MacroScope

ECB’s fingers crossed for private loans growth

Mostly bereft of policy options except for outright quantitative easing, European Central Bank President Mario Draghi hopes that hundreds of billions of euros more in cheap loans to banks will boost inflation.

The jury will be out for a long time before we get any decision on whether they have worked.

The first two rounds of cash, worth over one trillion euros and administered as an emergency shock treatment to a patient on the verge of breaking up, helped keep the euro zone alive. 

They were very successful in helping to push sovereign bond prices and stock prices higher, so averting fiscal disaster for several member states. After all, they were designed to create asset price inflation.

But these original Long Term Refinancing Operations (LTROs) clearly did very little to prop up consumer price inflation, which is now dangerously low at just 0.4 percent in the euro zone and negative in several member states.

Euro needs the Fed, or QE, for the next leg down

EIt has become increasingly clear it takes a lot more than words to sink the euro.

The European Central Bank cut rates as low as they will go on Thursday and announced another round of cheap cash for banks, hoping the euro, which has helped knock down inflation in the fragile euro zone economy, will fall.

Yet the ECB’s efforts yielded little more than a lukewarm response from markets, suggesting that the only thing that will get the euro to fall any further in the very near-term is a change in the outlook for U.S. rates, and through that, a stronger dollar.

ECB still the major source of funding for banks

European Central Bank President Draghi smiles during the monthly ECB news conference in FrankfurtThe European Central Bank is still the main funding source for banks even if it is not acting as lender of last resort for governments in the currency bloc.

On Tuesday, banks took nearly 173 billion euros from the ECB at its weekly tender, the highest since June 2012 and well above a Reuters poll consensus of 130 billion euros.

The spike in actual allotment versus expectations is the highest in over a year. The amount maturing from last week was just shy of 122 billion.

Ireland at the finishing line

Ireland will officially exit its bailout on Sunday. Not much will happen but symbolically it’s huge and will be used by the EU as evidence that its austere crisis-fighting approach can work. Today, the IMF will confirm Dublin passed the last review of its bailout programme – the final piece in the jigsaw. Finance Minister Michael Noonan is also expected to speak.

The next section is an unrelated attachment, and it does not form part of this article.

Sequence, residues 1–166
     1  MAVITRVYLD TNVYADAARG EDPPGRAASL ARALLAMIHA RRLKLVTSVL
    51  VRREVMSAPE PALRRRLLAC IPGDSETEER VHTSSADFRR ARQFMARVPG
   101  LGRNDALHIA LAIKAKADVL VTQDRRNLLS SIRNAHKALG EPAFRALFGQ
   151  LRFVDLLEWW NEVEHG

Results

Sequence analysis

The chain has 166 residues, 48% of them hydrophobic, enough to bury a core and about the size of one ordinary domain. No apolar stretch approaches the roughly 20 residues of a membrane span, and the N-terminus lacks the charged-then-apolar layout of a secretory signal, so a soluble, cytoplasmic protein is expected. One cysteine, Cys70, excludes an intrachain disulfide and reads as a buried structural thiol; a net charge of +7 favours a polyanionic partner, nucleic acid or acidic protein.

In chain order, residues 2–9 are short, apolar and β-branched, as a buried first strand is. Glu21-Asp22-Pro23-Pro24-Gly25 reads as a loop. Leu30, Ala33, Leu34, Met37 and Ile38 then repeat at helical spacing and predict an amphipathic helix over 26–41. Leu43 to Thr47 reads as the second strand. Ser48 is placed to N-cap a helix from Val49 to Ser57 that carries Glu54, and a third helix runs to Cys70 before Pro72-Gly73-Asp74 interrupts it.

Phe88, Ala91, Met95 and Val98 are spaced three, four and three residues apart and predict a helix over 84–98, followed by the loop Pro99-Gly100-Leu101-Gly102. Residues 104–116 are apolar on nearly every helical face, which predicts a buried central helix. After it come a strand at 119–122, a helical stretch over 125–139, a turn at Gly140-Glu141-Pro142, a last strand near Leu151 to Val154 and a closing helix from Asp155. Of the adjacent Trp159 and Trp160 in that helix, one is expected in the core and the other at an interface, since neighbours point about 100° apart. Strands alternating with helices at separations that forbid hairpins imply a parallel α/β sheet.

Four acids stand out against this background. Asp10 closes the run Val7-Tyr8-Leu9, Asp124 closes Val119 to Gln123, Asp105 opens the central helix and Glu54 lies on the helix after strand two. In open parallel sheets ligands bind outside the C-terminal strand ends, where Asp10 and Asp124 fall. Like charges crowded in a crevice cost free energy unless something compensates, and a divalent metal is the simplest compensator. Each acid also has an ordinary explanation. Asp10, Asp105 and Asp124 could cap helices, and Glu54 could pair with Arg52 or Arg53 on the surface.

For Dublin, this is only the beginning.

Support for the coalition government has slumped with the minority Labour party suffering worst (‘twas ever thus in coalitions).
As a result, Labour is pressing for a loosening of the purse strings while the dominant Fine Gael under premier Enda Kenny seems prepared to bet on a return to growth delivering the votes they need to rule outright after the next election, due by early 2016.

There are already some signs of easing with the government opting for a smaller package of spending cuts and tax hikes in its 2014 budget and the IMF warning planned 2 billion budget cuts planned for 2015 year may not be sufficient. The main benefactor in the polls so far has been Sinn Fein. 

Judgment day for Slovenia

The Slovenian government is poised to publish the results of an external audit of its banks, which will say how much cash the government must inject to keep them afloat. We’ve heard from sources that the euro zone member needs as much as 5 billion euros to recapitalize largely state-owned banks.

The central bank said on Tuesday that sufficient funds were available to an international bailout but, while the euro zone might breathe a sigh of relief, Ljubljana’s problems are far from over. A fire sale of state assets will be triggered and the banks are so embedded into the Slovene economy that deleveraging will cause great damage.

The government may raid its own cash reserves of 3.6 billion euros, hit junior bank bondholders to the tune of 500 million euros and, if necessary, tap financial markets. But all this may just be delaying the inevitable for a country that is expected to wallow in recession until 2015. Prime Minister Alenka Bratusek has called a cabinet meeting and a news conference is tentatively scheduled for 1000 GMT.

Banking union talks, storm allowing

The finance ministers of Germany, France, Italy and possibly Spain are expected to meet in Berlin to discuss banking union. Two sources told us Dutch Finance Minister Jeroen Dijsselbloem – who chairs the Eurogroup of euro zone finance ministers — should attend as will EU commissioner Michel Barnier and key European Central Bank policymaker Joerg Asmussen.

There is a possibility, however, that a violent storm that has hit Germany could prevent the participants reaching Berlin. If they make it, they will bid to come closer to a solution on a planned European resolution mechanism to deal with troubled banks ahead of a full meeting of euro zone finance ministers next week to help fashion a deal by the end of the year.